The Social Security Administration (SSA) pays disability benefits to adults and children who are affected by a long term disability. If you are disabled due to a physical or mental illness that prevents you from working, you should file a disability claim as soon as you believe that you are disabled.
Applying for Social Security disability benefits (SSDI) or Supplemental Security Income (SSI) on your own is not as difficult or complicated as you might think. Starting the process quickly is essential because you can expect a long processing time for your application, and the appeals process can also be lengthy.
You have several options to choose from when filing your initial disability claim. You can file for Social Security Disability (not SSI) online if you know that you have enough work credits to qualify. You can call the Social Security Administration or your local Social Security Office if you need to confirm that you have enough work credits to qualify for SSDI.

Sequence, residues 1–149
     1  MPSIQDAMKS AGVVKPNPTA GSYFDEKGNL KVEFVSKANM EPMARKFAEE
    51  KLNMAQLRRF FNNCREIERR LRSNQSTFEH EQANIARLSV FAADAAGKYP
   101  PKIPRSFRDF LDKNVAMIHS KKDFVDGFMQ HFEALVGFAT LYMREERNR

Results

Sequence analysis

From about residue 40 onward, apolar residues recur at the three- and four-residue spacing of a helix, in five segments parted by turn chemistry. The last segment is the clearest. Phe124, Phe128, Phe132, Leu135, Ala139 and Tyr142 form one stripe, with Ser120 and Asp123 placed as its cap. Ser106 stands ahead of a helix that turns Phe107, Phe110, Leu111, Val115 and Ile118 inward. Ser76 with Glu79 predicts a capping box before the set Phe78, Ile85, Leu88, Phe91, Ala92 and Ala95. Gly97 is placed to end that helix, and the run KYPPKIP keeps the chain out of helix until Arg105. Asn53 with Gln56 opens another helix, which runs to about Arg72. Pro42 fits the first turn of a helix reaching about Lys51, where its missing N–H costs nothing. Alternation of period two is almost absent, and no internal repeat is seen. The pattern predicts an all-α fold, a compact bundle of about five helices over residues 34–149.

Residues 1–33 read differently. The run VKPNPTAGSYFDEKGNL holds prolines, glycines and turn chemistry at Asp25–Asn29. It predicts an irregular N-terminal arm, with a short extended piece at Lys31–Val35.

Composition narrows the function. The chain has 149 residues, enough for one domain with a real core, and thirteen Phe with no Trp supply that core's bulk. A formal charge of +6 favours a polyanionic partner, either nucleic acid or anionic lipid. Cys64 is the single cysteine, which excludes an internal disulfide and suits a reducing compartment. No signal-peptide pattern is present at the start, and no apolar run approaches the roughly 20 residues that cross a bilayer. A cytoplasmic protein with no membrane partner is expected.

When you apply online, you will complete an initial application, but some of the documents in your initial application may need to be sent at a later date. You may also have to participate in an application interview at a later date.
If you apply online, you should follow up on your application by calling your local Social Security office to check that they received it along with any extra information that you provided.
You can apply for SSDI or SSI on the phone or in person, but you can expect long waiting times whether you call or visit your local Social Security office. The SSA and local offices can be quite busy, and you may have to hold for a long period of time or wait in line for several hours.
You can also call the federal Social Security Administration at 1-800-772-1213. The Social Security Administration can arrange an initial application interview on the phone or in person at your local office. It is preferable to call your local Social Security office, which is usually faster.